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'Banks May Get Leeway To Label NFL Stadium Funding As Aid To Poor'

The Trump administration weaves their web once again.
'Banks May Get Leeway To Label NFL Stadium Funding As Aid To Poor'
Image from: Nick Wass/Getty Images

That's the direct title from the Bloomberg story, and it's a good one because that's exactly what the Trump administration is trying to pull off, more tax breaks for the billionaire NFL owners with these sort of cagey loopholes. Obscene.

Source: Bloomberg

For decades, the U.S. has required banks to steer a portion of their money to people in poor neighborhoods. Now, under proposed rule changes, banks may finance upgrades to sports stadiums, call it helping the poor -- and potentially even get a generous tax break.

That scenario might seem oddly specific, but it’s what two regulators appointed by President Donald Trump said last week they may allow as they undertake the most significant rewrite of the Community Reinvestment Act in a quarter-century. The agencies drafted a long list hypothetical ways banks could seek to meet their obligations, including this sentence on page 100 of their proposal:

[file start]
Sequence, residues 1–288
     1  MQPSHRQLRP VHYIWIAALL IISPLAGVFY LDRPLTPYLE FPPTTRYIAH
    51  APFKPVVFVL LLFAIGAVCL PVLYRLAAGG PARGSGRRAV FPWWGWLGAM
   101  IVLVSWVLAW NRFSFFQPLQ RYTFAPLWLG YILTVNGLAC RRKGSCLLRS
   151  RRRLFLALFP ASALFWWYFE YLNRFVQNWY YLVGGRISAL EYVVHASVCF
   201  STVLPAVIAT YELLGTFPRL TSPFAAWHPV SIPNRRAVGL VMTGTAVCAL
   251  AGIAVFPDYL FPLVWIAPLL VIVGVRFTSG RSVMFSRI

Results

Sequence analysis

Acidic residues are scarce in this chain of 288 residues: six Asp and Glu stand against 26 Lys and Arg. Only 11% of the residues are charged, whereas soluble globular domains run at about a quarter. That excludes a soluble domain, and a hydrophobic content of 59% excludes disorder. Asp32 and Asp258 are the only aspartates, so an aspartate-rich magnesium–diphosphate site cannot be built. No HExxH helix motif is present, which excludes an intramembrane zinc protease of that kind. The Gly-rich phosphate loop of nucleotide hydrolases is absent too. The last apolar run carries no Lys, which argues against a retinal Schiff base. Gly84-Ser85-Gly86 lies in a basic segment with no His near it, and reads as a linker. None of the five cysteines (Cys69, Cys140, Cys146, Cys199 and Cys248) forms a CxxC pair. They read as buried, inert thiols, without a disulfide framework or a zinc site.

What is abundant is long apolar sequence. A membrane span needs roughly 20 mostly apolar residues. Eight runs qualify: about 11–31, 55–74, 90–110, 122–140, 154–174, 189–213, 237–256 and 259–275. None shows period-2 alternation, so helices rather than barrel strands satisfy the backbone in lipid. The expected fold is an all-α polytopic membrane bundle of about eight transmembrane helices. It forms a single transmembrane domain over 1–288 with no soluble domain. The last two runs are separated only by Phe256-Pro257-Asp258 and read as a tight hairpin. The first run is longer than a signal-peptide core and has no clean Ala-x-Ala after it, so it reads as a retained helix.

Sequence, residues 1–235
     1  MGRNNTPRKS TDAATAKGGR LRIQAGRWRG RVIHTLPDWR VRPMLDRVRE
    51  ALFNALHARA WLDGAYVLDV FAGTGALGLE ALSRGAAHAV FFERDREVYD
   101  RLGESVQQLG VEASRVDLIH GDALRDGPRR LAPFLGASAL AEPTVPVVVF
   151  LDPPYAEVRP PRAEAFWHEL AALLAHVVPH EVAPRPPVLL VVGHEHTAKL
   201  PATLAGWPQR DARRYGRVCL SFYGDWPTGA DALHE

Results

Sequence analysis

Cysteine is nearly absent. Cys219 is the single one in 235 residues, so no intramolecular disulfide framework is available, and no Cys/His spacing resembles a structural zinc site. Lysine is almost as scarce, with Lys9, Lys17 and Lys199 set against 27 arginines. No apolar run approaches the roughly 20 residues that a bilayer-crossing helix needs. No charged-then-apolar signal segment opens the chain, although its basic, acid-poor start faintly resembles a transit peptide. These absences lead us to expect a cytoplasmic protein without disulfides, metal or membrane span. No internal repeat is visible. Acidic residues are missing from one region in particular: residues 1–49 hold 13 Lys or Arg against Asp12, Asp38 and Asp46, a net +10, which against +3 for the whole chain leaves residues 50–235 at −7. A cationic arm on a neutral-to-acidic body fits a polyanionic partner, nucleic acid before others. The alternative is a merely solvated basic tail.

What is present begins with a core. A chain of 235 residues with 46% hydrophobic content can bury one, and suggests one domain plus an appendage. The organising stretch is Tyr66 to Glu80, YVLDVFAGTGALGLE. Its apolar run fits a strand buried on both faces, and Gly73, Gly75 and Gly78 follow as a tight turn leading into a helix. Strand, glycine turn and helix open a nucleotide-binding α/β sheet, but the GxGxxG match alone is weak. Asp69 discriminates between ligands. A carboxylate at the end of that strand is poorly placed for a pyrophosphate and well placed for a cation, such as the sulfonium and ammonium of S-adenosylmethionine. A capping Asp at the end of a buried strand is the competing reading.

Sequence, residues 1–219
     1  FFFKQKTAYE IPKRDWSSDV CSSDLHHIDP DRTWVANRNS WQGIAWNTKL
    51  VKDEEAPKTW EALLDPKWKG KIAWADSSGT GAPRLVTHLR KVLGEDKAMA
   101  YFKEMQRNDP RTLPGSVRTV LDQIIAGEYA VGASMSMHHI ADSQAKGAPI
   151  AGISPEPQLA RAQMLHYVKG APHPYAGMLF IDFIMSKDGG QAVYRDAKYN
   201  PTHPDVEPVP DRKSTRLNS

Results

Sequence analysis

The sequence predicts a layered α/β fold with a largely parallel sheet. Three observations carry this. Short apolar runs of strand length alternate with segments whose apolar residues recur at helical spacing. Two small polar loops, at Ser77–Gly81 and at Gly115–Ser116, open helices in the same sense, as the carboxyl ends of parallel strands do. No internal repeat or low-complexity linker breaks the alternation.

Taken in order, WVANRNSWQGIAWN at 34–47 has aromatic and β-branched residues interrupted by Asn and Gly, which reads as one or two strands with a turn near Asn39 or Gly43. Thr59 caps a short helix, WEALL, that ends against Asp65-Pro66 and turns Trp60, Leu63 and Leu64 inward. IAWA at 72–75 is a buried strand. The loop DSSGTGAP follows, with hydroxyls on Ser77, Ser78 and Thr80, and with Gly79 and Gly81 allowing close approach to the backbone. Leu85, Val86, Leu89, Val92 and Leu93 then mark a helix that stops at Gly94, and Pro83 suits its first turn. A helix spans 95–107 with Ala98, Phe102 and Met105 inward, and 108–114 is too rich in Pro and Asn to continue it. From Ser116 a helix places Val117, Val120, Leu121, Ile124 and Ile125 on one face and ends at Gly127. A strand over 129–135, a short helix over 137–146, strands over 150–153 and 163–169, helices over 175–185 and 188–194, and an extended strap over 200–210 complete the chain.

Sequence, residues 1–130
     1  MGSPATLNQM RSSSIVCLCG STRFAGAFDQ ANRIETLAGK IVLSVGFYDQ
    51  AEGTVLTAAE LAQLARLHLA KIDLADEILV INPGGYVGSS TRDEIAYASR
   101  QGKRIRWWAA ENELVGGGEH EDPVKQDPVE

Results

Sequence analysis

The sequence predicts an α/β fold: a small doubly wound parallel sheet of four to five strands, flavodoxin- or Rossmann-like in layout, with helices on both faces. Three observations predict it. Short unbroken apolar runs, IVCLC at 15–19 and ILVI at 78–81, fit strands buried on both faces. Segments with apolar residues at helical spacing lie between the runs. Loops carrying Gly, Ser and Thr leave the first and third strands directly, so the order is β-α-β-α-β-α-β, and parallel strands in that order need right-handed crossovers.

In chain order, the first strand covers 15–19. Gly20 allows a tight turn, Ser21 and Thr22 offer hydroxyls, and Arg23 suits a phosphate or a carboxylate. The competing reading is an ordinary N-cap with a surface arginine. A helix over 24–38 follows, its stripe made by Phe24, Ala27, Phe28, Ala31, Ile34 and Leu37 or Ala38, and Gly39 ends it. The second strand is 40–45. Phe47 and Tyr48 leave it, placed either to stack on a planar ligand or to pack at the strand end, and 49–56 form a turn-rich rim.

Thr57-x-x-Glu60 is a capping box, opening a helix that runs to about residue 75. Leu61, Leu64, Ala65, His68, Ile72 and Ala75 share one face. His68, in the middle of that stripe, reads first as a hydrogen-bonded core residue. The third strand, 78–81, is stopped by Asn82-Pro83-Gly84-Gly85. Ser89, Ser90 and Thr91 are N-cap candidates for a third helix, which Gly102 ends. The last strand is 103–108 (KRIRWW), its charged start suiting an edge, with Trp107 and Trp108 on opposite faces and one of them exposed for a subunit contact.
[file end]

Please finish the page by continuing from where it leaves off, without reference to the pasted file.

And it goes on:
“Investment in a qualified opportunity fund, established to finance improvements to an athletic stadium in an opportunity zone that is also an LMI census tract.” (LMI refers to low- or moderate-income.)

There are well over a dozen NFL venues nestled in so-called opportunity zones. They include M&T Bank Stadium in Baltimore, home of the National Football League’s Ravens, which this year completed $120 million in upgrades such as a new sound system. In Denver, there’s Empower Field at Mile High, where the Broncos play. And in Las Vegas, a new stadium is being built for the Raiders. There also are facilities for professional baseball, basketball, soccer and hockey teams in the zones.

A spokesman for one of the agencies, the Federal Deposit Insurance Corp., declined to comment on any of the examples it listed while the proposal is open for public comment. Officials at the agency said such scenarios typically stem from their experience in tracking compliance with the reinvestment act and that they are eager to receive public feedback on what to allow in the final rule.

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